Harvard president’s position safe despite her appearance in Congress

Claudine Gay testified before Congress last week alongside presidents of the University of Pennsylvania and MIT

Harvard University’s president, Claudine Gay, will continue to stay in her job even though there has been a lot of talk about her recent appearance in front of Congress.

Dr Gay was being asked to leave her job because she didn’t say whether students who wanted to hurt Jewish people would get in trouble.

However, in a letter over the weekend, almost 700 staff members showed their support for her.

On Tuesday, the school’s board said they still support her as the leader.

The group in charge at Harvard University thinks President Gay is the best leader to help our community recover and deal with the big issues we are facing.

“At this hard time, we all support President Gay,” said the 13-member board.

Just a few days ago, it was announced that Dr. Gay will continue to be the president, after the University of Pennsylvania’s head, Elizabeth Magill, said she would quit because people were upset about what she said in Congress.

Last week, Dr. Gay spoke with Ms. Magill and the president of MIT, Sally Kornbluth, at a meeting in the House of Representatives about antisemitism.

When Republican Congresswoman Elise Stefanik asked Dr. Gay some tough questions, Dr. Gay said she thinks it’s terrible for people to call for the killing of Jews. But she also said whether it breaks Harvard’s rules about bullying and harassment depends on the situation.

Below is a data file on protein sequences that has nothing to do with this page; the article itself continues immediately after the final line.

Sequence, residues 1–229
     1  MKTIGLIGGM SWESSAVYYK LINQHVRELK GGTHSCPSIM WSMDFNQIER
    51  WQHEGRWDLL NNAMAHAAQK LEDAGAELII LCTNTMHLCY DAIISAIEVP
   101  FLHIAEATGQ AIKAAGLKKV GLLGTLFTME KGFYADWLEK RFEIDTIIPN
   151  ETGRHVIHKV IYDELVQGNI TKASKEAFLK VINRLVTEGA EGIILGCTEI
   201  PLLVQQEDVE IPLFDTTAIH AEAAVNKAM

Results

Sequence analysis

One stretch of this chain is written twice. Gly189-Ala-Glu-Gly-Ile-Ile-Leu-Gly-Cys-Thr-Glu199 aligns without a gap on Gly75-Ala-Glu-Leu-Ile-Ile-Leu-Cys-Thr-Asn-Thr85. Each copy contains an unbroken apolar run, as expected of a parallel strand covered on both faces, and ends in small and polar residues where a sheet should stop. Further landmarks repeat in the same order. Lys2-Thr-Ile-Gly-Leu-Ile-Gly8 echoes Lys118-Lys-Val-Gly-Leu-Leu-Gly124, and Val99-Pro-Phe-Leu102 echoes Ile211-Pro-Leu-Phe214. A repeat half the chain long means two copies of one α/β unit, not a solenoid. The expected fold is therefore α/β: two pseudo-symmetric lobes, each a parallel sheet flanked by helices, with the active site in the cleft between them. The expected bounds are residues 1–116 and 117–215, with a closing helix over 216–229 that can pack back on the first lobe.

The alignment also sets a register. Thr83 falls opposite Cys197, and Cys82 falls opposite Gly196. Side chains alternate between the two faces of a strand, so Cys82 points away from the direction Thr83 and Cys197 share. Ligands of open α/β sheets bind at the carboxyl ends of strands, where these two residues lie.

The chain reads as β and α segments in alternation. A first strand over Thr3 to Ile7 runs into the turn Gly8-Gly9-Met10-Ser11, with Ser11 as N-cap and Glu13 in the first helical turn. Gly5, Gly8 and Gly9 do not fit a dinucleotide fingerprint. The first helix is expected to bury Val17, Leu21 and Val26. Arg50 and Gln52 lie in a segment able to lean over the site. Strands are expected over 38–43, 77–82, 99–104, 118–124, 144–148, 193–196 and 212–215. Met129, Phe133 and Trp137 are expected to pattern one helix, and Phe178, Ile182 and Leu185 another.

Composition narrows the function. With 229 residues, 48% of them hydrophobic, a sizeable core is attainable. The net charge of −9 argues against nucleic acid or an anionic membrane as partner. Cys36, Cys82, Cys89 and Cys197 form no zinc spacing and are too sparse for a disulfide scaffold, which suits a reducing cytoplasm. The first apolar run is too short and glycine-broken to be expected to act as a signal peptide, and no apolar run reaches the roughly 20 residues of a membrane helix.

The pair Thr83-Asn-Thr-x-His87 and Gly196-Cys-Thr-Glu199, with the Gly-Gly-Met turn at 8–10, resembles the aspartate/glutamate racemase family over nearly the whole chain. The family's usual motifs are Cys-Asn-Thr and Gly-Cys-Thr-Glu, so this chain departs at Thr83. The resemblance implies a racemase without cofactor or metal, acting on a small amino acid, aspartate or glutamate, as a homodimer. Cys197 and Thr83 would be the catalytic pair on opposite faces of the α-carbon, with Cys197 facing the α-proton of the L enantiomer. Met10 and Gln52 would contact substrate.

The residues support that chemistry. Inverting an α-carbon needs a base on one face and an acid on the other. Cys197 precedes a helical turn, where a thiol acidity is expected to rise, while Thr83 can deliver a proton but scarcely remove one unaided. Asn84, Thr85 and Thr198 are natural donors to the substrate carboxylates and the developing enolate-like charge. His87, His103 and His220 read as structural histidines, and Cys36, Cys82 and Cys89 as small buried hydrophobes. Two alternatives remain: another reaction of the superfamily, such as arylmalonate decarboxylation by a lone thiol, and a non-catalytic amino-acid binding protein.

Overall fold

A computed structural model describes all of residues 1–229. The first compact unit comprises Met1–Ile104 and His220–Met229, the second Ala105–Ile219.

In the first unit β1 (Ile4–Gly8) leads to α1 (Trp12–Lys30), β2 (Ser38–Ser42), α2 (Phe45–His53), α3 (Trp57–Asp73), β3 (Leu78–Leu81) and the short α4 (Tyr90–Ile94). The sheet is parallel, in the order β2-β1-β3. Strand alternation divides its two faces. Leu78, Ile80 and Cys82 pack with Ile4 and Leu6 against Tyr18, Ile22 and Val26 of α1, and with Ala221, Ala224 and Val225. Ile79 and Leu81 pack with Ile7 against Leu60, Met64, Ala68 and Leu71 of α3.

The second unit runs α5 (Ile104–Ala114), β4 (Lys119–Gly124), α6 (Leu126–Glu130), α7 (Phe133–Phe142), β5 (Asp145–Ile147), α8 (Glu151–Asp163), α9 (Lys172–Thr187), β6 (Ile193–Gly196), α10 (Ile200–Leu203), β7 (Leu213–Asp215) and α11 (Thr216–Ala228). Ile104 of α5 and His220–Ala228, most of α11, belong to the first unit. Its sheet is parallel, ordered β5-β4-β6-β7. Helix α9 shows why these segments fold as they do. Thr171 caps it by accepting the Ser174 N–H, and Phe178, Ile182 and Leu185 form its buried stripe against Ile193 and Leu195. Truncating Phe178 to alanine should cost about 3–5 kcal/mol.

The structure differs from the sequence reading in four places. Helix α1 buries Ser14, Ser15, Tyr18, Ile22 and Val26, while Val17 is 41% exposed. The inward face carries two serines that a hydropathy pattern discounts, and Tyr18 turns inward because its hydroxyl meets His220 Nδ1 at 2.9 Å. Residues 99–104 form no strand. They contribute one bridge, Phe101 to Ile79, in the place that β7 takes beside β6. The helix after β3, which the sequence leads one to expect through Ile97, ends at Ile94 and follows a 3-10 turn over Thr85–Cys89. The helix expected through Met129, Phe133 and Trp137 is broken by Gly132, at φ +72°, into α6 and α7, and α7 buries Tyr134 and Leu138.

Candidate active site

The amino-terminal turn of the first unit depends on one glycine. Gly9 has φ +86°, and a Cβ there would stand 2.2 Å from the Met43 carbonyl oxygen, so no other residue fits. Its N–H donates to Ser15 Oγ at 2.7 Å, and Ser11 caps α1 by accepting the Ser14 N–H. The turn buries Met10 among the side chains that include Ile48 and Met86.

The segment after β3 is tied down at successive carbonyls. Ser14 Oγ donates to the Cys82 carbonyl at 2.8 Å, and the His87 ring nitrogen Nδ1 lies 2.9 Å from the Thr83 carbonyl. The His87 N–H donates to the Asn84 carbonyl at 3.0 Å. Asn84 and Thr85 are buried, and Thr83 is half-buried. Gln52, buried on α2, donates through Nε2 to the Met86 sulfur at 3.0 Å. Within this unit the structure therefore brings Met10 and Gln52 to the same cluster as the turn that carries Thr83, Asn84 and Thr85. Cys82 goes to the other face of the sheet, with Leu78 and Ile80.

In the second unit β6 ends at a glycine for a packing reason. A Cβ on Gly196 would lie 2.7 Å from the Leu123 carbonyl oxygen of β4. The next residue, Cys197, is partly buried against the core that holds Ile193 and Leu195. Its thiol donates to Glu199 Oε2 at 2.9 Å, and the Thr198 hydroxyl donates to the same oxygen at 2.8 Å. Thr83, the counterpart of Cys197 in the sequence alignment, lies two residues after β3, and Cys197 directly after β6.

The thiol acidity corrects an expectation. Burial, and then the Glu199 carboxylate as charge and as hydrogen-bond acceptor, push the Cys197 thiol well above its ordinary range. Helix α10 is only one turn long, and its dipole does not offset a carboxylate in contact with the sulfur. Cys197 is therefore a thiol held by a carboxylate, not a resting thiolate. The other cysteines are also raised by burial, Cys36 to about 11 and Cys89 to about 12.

She said sorry in a interview with Harvard’s school newspaper, the Crimson, soon after.

She said that when words make the distress and pain worse, she doesn’t understand how you could feel anything other than regret.

The Harvard Corporation said that calls for genocide are terrible and that Dr. Gay should have quickly and clearly condemned them.

However, the school found out that the president of Harvard University said sorry for how she acted when she spoke to Congress.

The board said that Harvard’s goal is to learn more, do research, and make new discoveries that will help solve big problems in society. They believe that President Gay will lead Harvard in this important work.

Almost 700 teachers at Harvard signed a letter asking the university to protect academic freedom and keep Dr. Gay as president, despite political pressure.

At the same time, over 70 lawmakers, mostly from the Republican party, asked Dr. Gay to quit her job, saying her responses at the meeting were terrible.

She became the first black president of the university in July, making history after 368 years.


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